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Save Yourself

New Orleans had a plan to warn the poor, but it sat on a shelf in L.A.

September 13, 2005|Nicholas Riccardi and James Rainey | Times Staff Writers

NEW ORLEANS — After years of warnings, community leaders this summer prepared a video guide to hurricane evacuations with a stark message: Many of this city's poor, including 134,000 without cars, could be left behind in a killer storm.

But the 30-minute DVD still has not arrived. Some 70,000 of the newly minted videos that were to be released this month remain on warehouse shelves in Los Angeles.

Their warning: Save yourself, and help your neighbors if you can.

"Don't wait for the city, don't wait for the state, don't wait for the Red Cross," the Rev. Marshall Truehill warns in the public service announcement.

The program, titled "Preparing for the Big One," was one of several related but incomplete plans aimed in particular at the one-quarter of the city's population that did not own cars or have ready transportation out of town in the event of evacuation orders.

For The Record
Los Angeles Times Thursday September 15, 2005 Home Edition Main News Part A Page 2 National Desk 1 inches; 42 words Type of Material: Correction
Safety plan for poor -- An article in Tuesday's Section A about New Orleans' hurricane preparations for the poor referred to a French Quarter statue as being of Gen. Stonewall Jackson. The statue at the center of Jackson Square depicts Andrew Jackson.

Churches had agreed to provide rides to those without cars as part of "Operation Brother's Keeper," but a pilot program had been started in only four large congregations.

The Regional Transit Authority, the city's bus system, had a plan to transport people from a dozen pre-designated evacuation points, but some residents reported waiting interminably for buses that didn't show up as the storm bore down Aug. 28.

From the Federal Emergency Management Agency to the state government and City Hall, officials knew that the poorest residents in the city would be in danger if New Orleans took a direct or near-hit from a major hurricane. Not only did so many lack the means to flee in an evacuation, but they also tended to live in geographically vulnerable, low-lying parts of town.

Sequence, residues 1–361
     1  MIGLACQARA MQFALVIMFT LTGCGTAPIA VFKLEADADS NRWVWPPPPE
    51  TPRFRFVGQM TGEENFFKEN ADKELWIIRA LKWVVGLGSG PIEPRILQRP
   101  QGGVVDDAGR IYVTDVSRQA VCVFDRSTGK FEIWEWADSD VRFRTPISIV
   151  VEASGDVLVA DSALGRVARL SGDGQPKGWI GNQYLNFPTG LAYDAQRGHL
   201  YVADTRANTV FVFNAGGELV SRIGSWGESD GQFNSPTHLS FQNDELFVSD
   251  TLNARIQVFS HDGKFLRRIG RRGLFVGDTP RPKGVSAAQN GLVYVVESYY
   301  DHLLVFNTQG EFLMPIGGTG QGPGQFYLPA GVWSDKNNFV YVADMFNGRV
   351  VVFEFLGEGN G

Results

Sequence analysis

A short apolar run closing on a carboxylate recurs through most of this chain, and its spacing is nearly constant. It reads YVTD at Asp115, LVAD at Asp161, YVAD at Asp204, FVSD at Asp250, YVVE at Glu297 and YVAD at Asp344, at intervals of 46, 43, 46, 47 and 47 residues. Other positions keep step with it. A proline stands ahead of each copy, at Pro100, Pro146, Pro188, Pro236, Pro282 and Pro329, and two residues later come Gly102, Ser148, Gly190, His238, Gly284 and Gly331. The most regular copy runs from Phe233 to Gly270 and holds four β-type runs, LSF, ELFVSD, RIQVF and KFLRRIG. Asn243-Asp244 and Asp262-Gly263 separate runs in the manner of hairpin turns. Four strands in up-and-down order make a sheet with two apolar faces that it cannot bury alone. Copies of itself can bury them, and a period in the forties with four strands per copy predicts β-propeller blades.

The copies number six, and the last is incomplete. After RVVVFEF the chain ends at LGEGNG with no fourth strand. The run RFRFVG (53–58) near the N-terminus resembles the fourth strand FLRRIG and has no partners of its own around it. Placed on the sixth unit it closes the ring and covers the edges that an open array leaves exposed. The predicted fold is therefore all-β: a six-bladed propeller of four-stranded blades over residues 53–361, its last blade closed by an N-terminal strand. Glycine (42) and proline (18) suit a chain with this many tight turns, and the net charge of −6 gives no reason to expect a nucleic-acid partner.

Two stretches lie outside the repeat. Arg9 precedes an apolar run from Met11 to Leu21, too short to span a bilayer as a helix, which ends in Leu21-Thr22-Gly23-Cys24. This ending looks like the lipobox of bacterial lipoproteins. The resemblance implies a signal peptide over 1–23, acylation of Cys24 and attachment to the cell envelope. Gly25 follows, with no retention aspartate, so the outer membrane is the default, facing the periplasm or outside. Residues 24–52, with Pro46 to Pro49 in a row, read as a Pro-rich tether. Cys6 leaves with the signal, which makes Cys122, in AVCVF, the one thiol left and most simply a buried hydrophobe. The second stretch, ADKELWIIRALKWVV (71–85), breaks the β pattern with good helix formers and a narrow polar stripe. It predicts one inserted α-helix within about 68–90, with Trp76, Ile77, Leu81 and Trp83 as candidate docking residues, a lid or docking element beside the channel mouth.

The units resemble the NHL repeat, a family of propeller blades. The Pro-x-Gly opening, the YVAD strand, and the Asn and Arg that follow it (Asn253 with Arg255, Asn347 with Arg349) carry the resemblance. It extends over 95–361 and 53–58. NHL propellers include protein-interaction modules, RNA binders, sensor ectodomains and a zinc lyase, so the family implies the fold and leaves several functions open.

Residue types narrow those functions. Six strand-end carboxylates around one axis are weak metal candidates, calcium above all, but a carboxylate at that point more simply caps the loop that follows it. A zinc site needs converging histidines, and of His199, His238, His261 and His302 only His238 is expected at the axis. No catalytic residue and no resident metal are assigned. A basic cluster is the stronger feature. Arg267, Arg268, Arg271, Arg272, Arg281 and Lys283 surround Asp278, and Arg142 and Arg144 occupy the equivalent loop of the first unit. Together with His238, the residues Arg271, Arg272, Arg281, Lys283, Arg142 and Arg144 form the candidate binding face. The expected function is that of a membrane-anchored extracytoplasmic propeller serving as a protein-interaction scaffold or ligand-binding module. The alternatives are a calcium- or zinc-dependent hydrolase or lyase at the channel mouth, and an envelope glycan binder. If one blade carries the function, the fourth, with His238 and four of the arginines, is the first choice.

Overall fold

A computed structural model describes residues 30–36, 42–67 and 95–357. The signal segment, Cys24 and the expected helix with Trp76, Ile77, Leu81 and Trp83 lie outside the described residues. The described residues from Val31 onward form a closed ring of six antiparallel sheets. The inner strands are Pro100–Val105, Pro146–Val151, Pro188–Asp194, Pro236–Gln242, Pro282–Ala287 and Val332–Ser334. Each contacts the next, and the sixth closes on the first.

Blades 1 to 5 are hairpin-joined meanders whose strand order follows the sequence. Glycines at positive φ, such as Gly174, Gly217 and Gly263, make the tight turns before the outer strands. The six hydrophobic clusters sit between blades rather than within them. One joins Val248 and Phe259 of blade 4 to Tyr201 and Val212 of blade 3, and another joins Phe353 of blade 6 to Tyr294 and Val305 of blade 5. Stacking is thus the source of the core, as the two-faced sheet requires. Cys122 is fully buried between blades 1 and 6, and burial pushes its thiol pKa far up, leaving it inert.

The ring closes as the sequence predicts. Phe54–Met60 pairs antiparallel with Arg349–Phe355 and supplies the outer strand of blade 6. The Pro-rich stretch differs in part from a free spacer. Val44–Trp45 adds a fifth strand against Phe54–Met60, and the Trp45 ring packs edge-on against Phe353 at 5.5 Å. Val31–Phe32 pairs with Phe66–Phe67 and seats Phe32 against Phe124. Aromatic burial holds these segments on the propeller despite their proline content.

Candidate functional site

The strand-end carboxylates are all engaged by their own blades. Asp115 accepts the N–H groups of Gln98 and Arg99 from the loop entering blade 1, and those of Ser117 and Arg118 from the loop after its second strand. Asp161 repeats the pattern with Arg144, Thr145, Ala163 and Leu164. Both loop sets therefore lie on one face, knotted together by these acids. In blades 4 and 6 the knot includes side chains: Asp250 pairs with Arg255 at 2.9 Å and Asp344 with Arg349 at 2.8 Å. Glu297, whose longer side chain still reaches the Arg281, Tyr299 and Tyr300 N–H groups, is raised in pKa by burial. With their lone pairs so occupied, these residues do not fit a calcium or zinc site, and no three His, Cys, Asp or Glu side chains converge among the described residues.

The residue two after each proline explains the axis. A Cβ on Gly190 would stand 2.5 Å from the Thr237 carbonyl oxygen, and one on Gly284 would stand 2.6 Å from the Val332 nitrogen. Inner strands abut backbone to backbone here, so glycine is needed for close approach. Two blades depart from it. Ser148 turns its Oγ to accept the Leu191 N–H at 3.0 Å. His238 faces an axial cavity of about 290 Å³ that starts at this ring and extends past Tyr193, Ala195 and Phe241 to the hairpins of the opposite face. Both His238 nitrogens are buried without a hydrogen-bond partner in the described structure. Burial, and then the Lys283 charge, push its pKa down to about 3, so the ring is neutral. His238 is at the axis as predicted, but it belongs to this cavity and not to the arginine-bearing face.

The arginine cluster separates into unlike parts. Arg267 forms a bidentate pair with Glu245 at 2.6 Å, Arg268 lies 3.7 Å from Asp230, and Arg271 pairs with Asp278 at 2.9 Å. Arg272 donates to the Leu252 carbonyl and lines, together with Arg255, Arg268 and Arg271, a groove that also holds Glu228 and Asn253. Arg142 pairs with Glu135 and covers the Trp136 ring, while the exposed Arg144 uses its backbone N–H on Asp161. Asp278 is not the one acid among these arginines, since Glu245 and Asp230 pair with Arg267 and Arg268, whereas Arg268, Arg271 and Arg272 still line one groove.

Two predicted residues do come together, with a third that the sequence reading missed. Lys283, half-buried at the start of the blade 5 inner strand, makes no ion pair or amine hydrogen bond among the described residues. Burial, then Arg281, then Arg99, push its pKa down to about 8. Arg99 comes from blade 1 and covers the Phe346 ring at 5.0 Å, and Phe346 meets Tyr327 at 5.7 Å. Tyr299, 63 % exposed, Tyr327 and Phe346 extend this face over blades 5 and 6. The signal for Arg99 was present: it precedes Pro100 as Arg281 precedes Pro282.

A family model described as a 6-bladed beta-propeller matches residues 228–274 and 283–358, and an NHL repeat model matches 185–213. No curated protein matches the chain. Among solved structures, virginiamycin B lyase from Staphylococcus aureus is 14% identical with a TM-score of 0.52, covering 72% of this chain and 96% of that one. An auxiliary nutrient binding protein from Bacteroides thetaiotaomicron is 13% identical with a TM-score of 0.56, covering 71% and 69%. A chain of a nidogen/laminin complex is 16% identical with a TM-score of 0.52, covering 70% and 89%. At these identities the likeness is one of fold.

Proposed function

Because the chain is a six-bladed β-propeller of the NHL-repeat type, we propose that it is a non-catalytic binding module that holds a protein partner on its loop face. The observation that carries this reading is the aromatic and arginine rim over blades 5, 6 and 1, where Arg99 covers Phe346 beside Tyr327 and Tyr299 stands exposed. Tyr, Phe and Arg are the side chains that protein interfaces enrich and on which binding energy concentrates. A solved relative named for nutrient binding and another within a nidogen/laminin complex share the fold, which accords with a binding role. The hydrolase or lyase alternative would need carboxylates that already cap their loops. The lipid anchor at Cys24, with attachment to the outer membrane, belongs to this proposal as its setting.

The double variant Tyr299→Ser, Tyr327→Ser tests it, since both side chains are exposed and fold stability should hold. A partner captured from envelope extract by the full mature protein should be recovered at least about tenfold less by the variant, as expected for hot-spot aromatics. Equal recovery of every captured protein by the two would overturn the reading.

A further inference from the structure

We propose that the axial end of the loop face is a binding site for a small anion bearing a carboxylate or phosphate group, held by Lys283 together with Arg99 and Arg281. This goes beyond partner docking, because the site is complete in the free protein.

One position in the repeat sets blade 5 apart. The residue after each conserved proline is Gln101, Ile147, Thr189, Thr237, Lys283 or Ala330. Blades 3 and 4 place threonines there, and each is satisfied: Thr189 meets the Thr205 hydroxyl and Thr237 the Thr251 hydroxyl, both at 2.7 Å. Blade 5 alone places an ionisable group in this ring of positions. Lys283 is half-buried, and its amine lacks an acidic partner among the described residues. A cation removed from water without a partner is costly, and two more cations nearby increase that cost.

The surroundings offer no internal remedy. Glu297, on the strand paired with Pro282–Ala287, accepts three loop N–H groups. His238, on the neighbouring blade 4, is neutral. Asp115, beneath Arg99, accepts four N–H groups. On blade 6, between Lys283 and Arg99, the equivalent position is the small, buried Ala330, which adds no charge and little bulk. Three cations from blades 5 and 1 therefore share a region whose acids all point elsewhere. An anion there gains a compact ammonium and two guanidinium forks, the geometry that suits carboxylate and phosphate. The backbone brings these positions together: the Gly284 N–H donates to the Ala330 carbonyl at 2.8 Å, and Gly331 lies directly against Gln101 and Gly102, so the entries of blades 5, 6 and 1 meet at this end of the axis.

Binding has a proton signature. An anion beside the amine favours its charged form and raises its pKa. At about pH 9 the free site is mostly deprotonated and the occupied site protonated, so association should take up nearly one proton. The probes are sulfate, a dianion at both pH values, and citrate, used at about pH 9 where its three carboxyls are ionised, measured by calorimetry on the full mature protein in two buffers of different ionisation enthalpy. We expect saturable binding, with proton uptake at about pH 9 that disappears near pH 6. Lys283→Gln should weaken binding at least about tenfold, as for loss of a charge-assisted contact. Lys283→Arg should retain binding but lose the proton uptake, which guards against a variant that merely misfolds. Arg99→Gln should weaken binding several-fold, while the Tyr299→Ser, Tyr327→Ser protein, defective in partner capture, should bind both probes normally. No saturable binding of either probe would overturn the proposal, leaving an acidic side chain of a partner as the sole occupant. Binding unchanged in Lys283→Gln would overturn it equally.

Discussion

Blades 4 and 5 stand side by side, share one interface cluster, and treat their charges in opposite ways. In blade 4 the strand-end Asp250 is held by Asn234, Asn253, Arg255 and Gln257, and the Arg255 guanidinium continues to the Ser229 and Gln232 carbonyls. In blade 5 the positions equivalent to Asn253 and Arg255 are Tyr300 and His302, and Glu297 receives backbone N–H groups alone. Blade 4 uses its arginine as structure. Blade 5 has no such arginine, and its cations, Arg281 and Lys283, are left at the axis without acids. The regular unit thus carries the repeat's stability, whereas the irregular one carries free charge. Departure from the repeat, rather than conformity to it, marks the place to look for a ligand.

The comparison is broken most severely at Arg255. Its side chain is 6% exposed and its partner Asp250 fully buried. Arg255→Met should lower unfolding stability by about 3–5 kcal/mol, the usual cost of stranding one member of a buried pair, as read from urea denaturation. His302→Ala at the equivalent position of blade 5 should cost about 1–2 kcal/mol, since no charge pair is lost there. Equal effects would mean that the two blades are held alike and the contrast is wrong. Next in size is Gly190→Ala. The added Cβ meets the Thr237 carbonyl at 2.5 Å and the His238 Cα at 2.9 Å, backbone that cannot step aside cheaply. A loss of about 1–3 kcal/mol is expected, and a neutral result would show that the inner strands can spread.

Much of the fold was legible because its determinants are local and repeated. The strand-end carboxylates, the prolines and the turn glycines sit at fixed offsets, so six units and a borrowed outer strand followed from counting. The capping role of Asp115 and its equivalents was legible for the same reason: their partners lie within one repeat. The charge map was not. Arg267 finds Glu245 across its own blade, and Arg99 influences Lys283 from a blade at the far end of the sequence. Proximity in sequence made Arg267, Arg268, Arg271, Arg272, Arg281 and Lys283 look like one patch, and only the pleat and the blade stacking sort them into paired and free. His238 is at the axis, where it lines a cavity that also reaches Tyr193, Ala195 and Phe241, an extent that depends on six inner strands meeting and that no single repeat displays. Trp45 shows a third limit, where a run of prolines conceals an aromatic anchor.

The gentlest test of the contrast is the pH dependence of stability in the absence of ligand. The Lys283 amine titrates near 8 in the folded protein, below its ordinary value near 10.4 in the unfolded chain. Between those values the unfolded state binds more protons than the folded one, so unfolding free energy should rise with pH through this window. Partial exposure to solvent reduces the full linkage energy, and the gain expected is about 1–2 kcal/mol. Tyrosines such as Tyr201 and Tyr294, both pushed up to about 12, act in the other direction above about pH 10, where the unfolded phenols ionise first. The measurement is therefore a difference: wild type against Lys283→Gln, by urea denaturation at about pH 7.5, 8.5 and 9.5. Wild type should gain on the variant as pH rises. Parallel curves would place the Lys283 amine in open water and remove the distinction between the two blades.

"It almost makes me want to cry," Truehill, 57, said of the unfinished evacuation plans during an interview in his temporary Baton Rouge, La., office Monday. "We knew we were going to lose thousands of lives."

Ann Duplessis, the Democratic state senator who represents the Lower 9th Ward, where many of the city's poor lived, said officials had been working on a solution.

"Within nine months a lot happened," Duplessis said. "A strategy was developed. The tapes were done. Commercials were prepared.... [The hurricane] just came too fast."

National Guard Lt. Col. William J. Doran III, who heads Louisiana's emergency response system, said that the state's disaster plan had been 90% complete when Katrina struck. Only the transportation element "hadn't been fleshed out," Doran said.

Those trying to clear the city in advance of the deadly storm faced obstacles besides the dearth of vehicles in the poor sections of the city.

Most significant, residents of the Crescent City had been numbed by years of warnings about hurricanes that either petered out or turned before they reached New Orleans.

"People don't understand this who don't live down here, but when a voluntary evacuation comes, people choose not to go. They have been through hundreds of these," said a state health official who asked not to be named because she was not authorized to speak to the news media. "Then when it's a mandatory evacuation, sometimes it's too late."

The hurricane threat confronting New Orleans' poor had been an open secret for years. In September 2002, FEMA called a meeting with city and church leaders to discuss how to assure that no one was left behind, Truehill recalled.

But even as officials tried to work with community groups and churches to find a solution, problems arose. Among them was a concern that residents and parishioners who gave their neighbors lifts out of the city could face legal liability if something went wrong.

Democratic state Sen. Francis C. Heitmeier last year introduced legislation to release drivers in a hurricane emergency from liability, and the measure passed easily in the Senate. But it encountered unexpected opposition in the Louisiana House of Representatives. Some members wondered, for instance, whether a drunken driver could escape responsibility for an accident if he or she was transporting an evacuee.

Heitmeier recalled arguing, "Why would y'all want to vote against poor people getting out from a storm?" But to no avail. The bill died.

The lack of liability protection slowed progress, and only the four churches were involved in the pilot program.

That left the DVD as a stopgap. The city contracted to have the program produced by Total Community Action. Truehill, pastor of the city's First Baptist Church, heads the community group's faith-based network.

Had the DVDs been ready in time, they would have been delivered through churches in the city. Truehill said he believed that, even in poor parts of town, residents had the equipment to play the discs.

The messages from Duplessis, Mayor C. Ray Nagin and other officials were also supposed to be broadcast on television as public service announcements.

But it was only at 11:30 a.m. Sunday, Aug. 28, about 18 hours before Katrina made landfall, that most residents would even have heard anything about "Preparing for the Big One."

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